LOOSE TO THE WILDS by Martin McMurtrey

LOOSE TO THE WILDS

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KIRKUS REVIEW

Mists rolling over the Illinois Bottoms country, vapors rising from the Bloody-Gar Slough, and the aroma of trumpet vines all befog the special relationship between teen-aged Junior and his spinster Aunt Jay, a woman who lives in such harmony with her plants that the local boys suspect her of being a witch. Aunt Jay still mourns her bootlegger lover, Greg Broussard, who was shot dead some twenty years ago, and in the course of several school vacations--while Junior and Jay commune over berry picking, jelly-making, and fishing--Junior learns the identity of the locals who betrayed Broussard to Chicago gangsters. The older woman's mystical immersion in the natural world (""she lives the four seasons like each one is a god, bringing its special blessings"") is a sympathetic theme spoiled by florid prose that is an unlikely hybrid of present tense dialect and ""poetic"" effusions. The dreamy, remote backwoods setting and the old, unsolved mystery axe enticements, but only an especially sympathetic reader will care for the taste of Aunt Jay's ""spiritual berries.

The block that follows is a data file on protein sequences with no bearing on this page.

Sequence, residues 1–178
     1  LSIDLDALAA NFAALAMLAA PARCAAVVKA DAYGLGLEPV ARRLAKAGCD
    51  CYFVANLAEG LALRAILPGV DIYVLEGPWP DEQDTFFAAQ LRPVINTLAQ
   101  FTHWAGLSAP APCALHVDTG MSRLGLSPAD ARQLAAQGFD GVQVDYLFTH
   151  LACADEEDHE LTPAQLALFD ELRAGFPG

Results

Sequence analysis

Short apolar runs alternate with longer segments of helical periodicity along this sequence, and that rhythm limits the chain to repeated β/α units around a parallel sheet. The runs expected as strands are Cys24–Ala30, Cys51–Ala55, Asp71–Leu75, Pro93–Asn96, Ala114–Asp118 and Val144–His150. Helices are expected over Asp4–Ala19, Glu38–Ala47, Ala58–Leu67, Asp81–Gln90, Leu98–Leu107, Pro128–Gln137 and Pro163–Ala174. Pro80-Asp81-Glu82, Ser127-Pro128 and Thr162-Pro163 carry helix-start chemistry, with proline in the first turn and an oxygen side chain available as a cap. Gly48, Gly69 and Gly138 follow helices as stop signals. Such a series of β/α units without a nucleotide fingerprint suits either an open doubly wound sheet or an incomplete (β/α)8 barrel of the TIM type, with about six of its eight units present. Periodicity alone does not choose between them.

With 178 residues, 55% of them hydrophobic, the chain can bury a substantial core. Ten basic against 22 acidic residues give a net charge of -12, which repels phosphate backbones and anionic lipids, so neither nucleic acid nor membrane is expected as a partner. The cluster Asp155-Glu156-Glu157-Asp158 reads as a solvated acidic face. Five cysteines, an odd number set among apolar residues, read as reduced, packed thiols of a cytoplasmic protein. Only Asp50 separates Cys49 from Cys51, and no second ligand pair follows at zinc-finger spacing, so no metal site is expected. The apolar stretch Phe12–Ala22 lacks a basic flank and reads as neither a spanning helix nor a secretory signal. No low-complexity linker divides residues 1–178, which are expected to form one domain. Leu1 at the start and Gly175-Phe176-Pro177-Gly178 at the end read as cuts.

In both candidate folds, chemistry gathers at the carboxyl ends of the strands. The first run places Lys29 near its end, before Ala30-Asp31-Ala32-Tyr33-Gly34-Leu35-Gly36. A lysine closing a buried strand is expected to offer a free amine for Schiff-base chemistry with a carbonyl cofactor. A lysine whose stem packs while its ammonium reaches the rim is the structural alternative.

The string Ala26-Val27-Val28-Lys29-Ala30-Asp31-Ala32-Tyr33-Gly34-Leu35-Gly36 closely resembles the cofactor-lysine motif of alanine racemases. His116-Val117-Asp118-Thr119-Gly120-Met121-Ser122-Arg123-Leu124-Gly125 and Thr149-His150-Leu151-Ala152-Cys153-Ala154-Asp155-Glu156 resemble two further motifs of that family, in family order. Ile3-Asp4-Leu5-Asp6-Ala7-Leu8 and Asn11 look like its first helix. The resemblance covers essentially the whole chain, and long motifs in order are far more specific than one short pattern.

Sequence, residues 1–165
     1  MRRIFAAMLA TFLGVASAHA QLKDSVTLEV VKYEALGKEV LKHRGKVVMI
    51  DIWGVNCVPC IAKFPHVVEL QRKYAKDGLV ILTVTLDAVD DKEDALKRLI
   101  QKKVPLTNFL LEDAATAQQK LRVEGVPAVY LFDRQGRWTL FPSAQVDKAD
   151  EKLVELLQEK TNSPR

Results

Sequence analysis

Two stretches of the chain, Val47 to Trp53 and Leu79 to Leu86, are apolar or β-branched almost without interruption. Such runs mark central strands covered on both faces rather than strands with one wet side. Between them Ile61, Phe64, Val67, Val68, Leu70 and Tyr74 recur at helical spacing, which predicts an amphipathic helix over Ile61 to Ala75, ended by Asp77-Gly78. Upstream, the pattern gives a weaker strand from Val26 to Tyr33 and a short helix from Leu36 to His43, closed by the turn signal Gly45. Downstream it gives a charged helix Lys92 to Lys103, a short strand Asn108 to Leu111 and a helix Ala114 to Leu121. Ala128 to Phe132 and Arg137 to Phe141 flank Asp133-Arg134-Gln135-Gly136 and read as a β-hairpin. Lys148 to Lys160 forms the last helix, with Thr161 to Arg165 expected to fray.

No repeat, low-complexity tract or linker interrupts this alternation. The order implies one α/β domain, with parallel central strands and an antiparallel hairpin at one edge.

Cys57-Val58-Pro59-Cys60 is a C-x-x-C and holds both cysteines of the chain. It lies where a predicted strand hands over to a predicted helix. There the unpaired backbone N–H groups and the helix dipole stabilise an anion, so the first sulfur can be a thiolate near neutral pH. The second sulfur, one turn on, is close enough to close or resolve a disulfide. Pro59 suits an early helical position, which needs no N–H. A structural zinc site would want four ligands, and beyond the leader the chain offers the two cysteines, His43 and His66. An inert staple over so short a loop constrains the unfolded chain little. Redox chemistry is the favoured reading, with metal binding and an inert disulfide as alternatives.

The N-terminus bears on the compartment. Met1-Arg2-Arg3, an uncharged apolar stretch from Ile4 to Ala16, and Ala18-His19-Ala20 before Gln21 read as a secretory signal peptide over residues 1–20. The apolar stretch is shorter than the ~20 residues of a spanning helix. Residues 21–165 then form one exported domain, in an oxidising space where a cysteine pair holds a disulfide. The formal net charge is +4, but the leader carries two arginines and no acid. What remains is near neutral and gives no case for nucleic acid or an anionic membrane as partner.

Pub Date: Oct. 1st, 1976
Publisher: Harper & Row